r. r'y- C GAPDH
. + Na/H
a maximum of
0 12 24
FIG. 1. Time course for PMA-induced monocytic differen-
tiation and induction of Na'/H+ antiporter mRNA in HL60
cells. HL60 cells were treated with 20 ng/ml PMA. Right axis, cell
differentiation was measured as the percentage of cells at.tached to
the substratum. Left axis, Na'/H+
determined by quantitative laser densitometry (Pharmacia Ultrascan)
of Northern blots prepared from poly(A') RNA obtained
indicated time points and hybridized to antiporter cDNA (see Fig. 2).
antiporter mRNA levels were
FIG. 3. Transcription rates of Na+/H+ antiporter and
GAPDH genes during PMA-induced differentiation of HL60
cells. Radiolabeled RNA transcripts were isolated from nuclei
PMA-treated and untreated HL6O cells and hybridized to filter-
immobilized Na+/H+ antiporter cDNA and GAPDH cDNA as de-
scribed under "Materials and Methods."
not a generalized increase in total RNA (or unequal loading
of poly(A+) RNA), the blots were reprobed with a '"P-labeled
cDNA for the glycolytic enzyme, GAPDH, which is constitu-
tively expressed in most cells (17). Steady-state mRNA levels
for GAPDH did not vary between PMA-treated and untreated
HL60 cells (Fig. 2, lower panel). These findings show that the
Na+/H+ antiporter is specifically induced by PMA. Compar-
ison of the time courses for antiporter mRNA accumulation
and cell differentiation (Fig. 1) indicated that the increase in
antiporter mRNA levels preceded differentiation.
To determine whether the increase in Na+/H' antiporter
mRNA in PMA-treated HL60 cells was due to a corresponding
increase in its transcription rate, nuclear run-on assays were
performed in nuclei prepared from PMA-treated and un-
treated HL60 cells (Fig. 3). The rate of Na+/H+ antiporter
gene transcription increased 17
HL60 cells. No significant change was observed in the rate of
GAPDH gene transcription, a result in agreement with its
steady-state mRNA levels. The 17-fold increase in the rate of
Na+/H+ antiporter gene transcription may not account com-
pletely for the 50-fold increase in its steady-state
levels, suggesting a role for post-transcriptional mechanisms
such as mRNA stabilization in PMA-treated HL60 cells.
k 4-fold in PMA-treated
in HL60 Cells
Earlier studies suggested that PMA-induced monocytic dif-
ferentiation of HL60 cells is mediat,ed by protein kinase C
(PKC) (21,22). To define the role of PKC in PMA-stimulated
Na+/H+ antiporter mRNA accumulation, two experiments
were performed. 1) HL60 cells were treated with l-oleoyl-2-
acetylglycerol (OAG), a synthetic diacylglycerol and specific
activator of PKC. OAG, which does not induce diffrrentiation
(23, 24), also failed to induce Na+/H+ antiporter mRNA (Fig.
4A). This result clearly indicates that PKC activation alone
is insufficient to induce Na+/H+ antiporter mRNA and dif-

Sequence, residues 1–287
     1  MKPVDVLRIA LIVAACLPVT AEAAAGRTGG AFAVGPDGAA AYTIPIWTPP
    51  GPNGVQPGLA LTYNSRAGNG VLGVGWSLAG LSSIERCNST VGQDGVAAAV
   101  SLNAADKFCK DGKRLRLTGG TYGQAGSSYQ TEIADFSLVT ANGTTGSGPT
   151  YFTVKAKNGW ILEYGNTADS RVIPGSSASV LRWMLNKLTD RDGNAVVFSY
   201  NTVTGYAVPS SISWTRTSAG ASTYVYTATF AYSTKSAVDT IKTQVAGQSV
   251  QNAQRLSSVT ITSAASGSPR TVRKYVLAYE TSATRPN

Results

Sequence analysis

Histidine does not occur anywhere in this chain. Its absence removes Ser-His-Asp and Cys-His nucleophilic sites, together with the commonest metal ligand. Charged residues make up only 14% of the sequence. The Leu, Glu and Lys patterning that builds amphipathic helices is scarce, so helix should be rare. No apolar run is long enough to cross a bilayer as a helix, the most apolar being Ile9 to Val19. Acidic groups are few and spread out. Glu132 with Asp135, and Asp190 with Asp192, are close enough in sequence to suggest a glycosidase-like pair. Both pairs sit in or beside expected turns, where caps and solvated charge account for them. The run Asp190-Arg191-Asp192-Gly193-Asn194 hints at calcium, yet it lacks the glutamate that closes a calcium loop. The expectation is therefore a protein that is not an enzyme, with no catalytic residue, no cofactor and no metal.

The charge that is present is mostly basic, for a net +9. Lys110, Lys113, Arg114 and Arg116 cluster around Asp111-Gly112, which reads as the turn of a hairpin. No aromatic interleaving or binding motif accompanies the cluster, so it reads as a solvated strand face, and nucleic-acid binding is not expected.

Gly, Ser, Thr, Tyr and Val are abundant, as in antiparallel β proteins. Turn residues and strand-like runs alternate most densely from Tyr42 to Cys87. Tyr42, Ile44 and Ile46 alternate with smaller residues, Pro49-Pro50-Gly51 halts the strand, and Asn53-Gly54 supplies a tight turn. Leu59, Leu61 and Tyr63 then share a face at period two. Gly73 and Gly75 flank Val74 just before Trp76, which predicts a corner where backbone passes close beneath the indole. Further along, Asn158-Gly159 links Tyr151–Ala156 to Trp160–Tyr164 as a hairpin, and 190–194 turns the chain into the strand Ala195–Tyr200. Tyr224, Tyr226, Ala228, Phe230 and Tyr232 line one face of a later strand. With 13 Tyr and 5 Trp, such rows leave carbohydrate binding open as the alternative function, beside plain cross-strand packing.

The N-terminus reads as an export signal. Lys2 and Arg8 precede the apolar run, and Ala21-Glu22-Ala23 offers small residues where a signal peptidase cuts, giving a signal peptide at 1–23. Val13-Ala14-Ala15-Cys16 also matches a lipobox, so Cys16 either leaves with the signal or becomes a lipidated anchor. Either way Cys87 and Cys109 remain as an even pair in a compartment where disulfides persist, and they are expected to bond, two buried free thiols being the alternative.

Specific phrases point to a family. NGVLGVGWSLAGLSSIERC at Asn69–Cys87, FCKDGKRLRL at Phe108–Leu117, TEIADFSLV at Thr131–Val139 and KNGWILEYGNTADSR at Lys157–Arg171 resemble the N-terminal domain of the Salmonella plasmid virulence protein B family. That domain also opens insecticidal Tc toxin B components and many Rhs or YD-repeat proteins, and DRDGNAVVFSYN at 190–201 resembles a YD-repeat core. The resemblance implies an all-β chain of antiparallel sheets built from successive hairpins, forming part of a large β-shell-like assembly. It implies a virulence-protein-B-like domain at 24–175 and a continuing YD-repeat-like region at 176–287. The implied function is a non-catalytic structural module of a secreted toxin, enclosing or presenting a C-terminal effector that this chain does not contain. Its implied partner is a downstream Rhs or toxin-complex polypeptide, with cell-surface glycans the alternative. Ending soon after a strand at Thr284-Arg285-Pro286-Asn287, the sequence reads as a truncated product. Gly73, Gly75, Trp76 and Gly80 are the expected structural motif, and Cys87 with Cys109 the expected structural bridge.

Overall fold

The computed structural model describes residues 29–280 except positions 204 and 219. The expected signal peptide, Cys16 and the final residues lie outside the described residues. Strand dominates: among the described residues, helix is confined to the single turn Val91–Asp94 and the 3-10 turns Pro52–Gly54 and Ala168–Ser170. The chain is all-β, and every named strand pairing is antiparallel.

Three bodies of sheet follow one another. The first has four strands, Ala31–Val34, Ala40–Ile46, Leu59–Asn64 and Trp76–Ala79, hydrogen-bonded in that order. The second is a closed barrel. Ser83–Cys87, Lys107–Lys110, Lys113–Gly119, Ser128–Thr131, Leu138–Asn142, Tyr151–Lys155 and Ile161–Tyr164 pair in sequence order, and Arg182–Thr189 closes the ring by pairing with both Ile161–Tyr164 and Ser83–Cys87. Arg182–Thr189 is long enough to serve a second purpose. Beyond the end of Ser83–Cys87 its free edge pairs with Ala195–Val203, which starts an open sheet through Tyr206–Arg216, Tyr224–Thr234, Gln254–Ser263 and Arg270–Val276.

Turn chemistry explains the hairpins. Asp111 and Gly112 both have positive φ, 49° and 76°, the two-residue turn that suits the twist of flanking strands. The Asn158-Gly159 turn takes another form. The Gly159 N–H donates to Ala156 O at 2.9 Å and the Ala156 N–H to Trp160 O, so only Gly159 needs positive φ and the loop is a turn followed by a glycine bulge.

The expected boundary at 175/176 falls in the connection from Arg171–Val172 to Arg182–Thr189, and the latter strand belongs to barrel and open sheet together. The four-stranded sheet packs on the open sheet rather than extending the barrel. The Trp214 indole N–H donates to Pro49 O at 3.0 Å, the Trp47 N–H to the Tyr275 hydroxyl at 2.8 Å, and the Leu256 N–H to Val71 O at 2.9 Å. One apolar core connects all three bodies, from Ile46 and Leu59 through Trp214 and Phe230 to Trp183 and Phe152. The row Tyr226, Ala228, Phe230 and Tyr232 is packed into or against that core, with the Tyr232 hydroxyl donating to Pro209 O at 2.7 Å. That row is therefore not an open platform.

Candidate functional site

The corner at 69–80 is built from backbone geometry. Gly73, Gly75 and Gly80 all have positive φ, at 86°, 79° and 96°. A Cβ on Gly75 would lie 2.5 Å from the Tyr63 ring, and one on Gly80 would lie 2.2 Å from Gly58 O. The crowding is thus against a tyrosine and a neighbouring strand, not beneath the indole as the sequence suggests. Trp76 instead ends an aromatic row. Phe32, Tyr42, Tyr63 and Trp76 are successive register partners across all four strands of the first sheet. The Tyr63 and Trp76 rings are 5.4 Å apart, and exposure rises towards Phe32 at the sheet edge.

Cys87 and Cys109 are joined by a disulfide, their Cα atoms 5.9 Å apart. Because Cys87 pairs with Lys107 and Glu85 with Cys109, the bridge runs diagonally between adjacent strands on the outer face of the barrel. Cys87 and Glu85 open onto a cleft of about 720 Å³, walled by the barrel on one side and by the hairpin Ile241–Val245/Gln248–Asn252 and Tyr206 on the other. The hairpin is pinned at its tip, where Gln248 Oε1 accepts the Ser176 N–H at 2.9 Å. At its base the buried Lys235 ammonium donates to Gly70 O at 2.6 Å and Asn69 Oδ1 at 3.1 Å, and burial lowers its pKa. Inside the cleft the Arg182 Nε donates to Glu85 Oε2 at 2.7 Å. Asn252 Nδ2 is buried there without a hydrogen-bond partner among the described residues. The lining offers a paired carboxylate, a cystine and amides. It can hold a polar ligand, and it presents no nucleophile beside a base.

ferentiation. 2) HL60 cells were treated with PMA for 8 h in
the presence or absence of the PKC inhibitor, sphingosine
(10 p ~ ) .
Sphingosine blocked PMA-induced monocytic dif-
ferentiation of HL60 cells by 78% (as determined by cell
adherence), in agreement with previous
Sphingosine also inhibited PMA-induced Na+/H+ antiporter
mRNA accumulation significantly (70% decrease) but had no
effect on GAPDH mRNA levels (Fig. 4R).
These findings present a paradox regarding the
OAG, although an activator of PKC, caused neither differ-
entiation nor Na+/H' antiporter mRNA accumulation. PMA,
also an activator of PKC, induced both differentiation and
Na+/H+ antiporter mRNA accumulation. Both
were significantly inhibited by sphingosine which is thought
to inhibit PKC (21, 22). However, in light of the failure of
OAG to induce either differentiation or antiporter expression,
activation of PKC alone is insufficient to mediate these
events. Thus, it appears that inhibition
HL60 cell differentiation and Na+/H+ antiporter expression
by sphingosine may be mediated by blockade of signal trans-
duction event(s) other than PKC. Recently, it was reported
that sphingosine affects a number
events at the plasma membrane level (25). These data suggest
that signals in addition to activation of PKC are required for
stimulation of antiporter expression and HL60 cell differen-
To further characterize the mechanisms underlying the
PMA-induced increases in the Na'/H+ antiporter mRNA
accumulation, we studied the effect of cycloheximide, a potent
inhibitor of protein synthesis, on steady-state Na'/H+ anti-
porter mRNA levels. Cycloheximide (20 wg/ml) significantly
inhibited the PMA-induced increase
studies (21, 22).
role of PKC.
of these events
of signal transduction
in Na+/H+ antiporter
FIG. 4. Effect of OAG, sphingosine, and cycloheximide on
Na+/H+ antiporter mRNA accumulation in HL60 cells. A, effect
of OAG. HLW cells were treated with 20 ng/ml PMA or 50 ng/ml
OAG for 24 h. H , effect of sphingosine. HL6O cells were treat.ed with
20 ng/ml PMA -C addition of sphingosine (10 PM every 3 h (21, 22)).
C, effect of cycloheximide. HLFO cells were treated with 20 ng/ml
PMA k 20 pg/ml cycloheximide for 8 h. In all experiments poly(A')
RNA was isolated and analyzed for Na+/H+ antiporter and GAPDH
mRNA as described under "Materials and Methods."